Environmental education and research could be a part of the St. Edward State Park Seminary redevelopment after the Legislature approved $750,000 for renovations to one of its buildings this year.
The lease between Washington State Parks and Daniels Real Estate, which is redeveloping the seminary building, includes up to 2,000 square feet of space set aside for public use, likely as an education and research center. Susan Carlson is the environmental lead for E3, an environmental organization that is pushing for the creation of the center.
“We are by and large, focused on a science and STEM-centered curriculum and pathways,” she said.
The center ideally would be run as a partnership between the University of Washington Bothell campus and the state. The university would use the facility for undergrad field research as well as staffing students for educational programs. It could also serve PreK-12 education as well as support existing educational programs like Camp ROOTS and Wilderness Awareness School, which currently operate at the park.
Originally the center was cited inside the historic seminary building, which is being redeveloped into a lodge and spa, but the developer decided to use the space, Carlson said. Instead, the center was moved to an annex for the seminary’s old gym building.
The annex currently houses locker and utility rooms but the $750,000 state grant, secured by state Sen. David Frockt and Rep. Gerry Pollett, would allow it to be renovated. If a partnership between UW Bothell and the state is approved, these renovations could begin as early as this fall. Carlson said despite not being placed in the main building, the annex might now provide greater benefits.
“Which is in the end a far more optimal arrangement in that we have an independent building,” she said.
David Stokes is a UW Bothell environmental and biology studies professor who is leading the push for a university-led model for the center. He envisions it will create partnerships across age groups, such as undergrad mentoring of high school students or citizen science projects.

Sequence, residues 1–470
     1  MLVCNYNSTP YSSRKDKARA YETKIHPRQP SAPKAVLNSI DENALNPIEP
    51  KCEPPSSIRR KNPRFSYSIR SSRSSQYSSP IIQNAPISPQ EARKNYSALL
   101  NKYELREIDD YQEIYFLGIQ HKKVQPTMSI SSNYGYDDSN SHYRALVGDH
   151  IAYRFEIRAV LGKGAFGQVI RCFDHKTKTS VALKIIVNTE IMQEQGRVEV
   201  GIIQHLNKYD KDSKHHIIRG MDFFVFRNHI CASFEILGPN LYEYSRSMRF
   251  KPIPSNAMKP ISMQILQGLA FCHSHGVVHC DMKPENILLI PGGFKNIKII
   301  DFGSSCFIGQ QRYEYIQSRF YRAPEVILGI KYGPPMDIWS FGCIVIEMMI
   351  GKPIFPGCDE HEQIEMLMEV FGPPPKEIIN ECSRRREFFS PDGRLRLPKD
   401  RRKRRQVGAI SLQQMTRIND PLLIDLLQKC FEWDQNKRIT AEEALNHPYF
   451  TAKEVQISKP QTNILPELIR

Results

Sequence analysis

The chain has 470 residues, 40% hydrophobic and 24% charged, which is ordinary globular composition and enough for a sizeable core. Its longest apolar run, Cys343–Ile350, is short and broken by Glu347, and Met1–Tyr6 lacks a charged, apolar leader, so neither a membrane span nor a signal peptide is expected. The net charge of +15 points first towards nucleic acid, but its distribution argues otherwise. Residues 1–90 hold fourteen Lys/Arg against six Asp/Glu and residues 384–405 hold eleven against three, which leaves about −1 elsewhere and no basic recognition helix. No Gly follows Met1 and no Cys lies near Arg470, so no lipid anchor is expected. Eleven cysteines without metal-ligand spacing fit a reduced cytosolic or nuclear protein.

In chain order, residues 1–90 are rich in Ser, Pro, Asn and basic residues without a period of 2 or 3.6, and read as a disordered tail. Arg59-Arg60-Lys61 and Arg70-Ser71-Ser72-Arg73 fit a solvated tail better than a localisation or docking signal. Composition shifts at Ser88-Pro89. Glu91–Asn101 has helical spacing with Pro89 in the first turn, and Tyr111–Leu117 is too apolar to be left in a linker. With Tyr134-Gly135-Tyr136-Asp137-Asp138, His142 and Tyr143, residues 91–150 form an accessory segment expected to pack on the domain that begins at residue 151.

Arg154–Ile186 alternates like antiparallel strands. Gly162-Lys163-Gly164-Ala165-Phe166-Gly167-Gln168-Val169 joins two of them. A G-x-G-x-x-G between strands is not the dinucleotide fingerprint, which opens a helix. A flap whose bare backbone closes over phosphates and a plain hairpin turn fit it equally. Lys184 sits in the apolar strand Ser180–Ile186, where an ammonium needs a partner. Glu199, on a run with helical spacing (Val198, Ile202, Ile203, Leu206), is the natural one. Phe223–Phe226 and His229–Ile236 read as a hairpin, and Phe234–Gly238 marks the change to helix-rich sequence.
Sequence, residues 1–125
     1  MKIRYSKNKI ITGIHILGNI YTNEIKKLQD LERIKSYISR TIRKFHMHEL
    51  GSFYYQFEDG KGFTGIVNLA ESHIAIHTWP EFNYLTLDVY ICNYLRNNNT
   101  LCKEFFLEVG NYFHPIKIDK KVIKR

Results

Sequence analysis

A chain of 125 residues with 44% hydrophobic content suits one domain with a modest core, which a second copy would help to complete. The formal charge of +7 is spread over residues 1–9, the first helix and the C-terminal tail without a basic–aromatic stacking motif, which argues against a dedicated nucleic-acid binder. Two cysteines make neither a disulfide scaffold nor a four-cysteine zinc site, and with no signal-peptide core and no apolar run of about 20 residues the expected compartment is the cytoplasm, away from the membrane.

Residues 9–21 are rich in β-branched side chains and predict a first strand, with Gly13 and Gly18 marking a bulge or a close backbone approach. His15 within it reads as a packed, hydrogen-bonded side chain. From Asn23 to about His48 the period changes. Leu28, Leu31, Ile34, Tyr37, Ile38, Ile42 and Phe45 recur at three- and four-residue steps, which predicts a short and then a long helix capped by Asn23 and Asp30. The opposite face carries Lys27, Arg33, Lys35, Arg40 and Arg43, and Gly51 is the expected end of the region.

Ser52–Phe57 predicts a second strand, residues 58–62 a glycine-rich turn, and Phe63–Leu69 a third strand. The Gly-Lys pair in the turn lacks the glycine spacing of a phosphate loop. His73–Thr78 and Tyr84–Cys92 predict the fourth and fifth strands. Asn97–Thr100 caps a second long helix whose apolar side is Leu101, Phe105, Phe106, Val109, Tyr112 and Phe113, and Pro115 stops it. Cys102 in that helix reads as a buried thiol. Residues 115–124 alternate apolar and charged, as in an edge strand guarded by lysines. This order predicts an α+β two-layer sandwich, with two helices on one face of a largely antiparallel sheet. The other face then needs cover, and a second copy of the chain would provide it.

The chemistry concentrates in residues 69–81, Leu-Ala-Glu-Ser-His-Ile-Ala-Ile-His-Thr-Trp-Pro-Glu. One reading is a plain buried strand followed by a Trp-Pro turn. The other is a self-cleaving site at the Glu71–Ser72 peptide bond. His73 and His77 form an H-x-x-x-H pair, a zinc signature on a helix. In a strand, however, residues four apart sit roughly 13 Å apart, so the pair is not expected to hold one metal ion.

The park itself is already the subject of studies and presents a rich native environment for students and researchers.
“This is just an incredible opportunity. First of all, the site of St. Edward Park is really unique in the Seattle-metropolitan area. As a native forest within an urban area, it’s got the best representation really of native forest of any size,” Stokes said. “Really it’s a jewel in the Seattle area, and it’s also only six miles from our campus so it would be a spectacular place for students to be able to do research, take classes.”
Citizen science projects could include wildlife observation and research, mapping and managing invasive species and monitoring water quality at the park. Researchers at the university and other colleges in the area are interested in hosting courses at the facility, ranging from wildlife and restoration ecology to botany and hydrology due to the dense forests, wetlands and streams at the park. This is on top of the abundant animal life.
“We just have very diverse wildlife species in the park,” Stokes said. “Birds, mammals and amphibians.”
Programs would be expanded to public schools, youth clubs and adults. UW Bothell is working on a report now that will be submitted to the state by the end of June for consideration. If it is approved, low-intensity programs like guided tours could begin with renovations.
“This will be an amazing opportunity for the community to have a resource like this with the involvement of big state agency like State Parks and the university. That combination and collaboration is going to produce some really great programs and opportunities for everyone, whether they’re in PreK or retirement,” Stokes said.
The education and research center could come online around the same time as the main St. Edward Seminary redevelopment in 2020. The $50 million project was undertaken by Daniels Real Estate after years of planning and community engagement. The refurbished seminary will be a lodge, restaurant and spa and the state agreed to give Daniels Real Estate a 62-year lease on the building in 2017.
The seminary building was originally constructed in the 1930s for the Catholic Archdiocese of Seattle, which later closed the institution in 1976 and sold it to the state a year later. A nearby seminary in the park was later purchased by Bastyr University.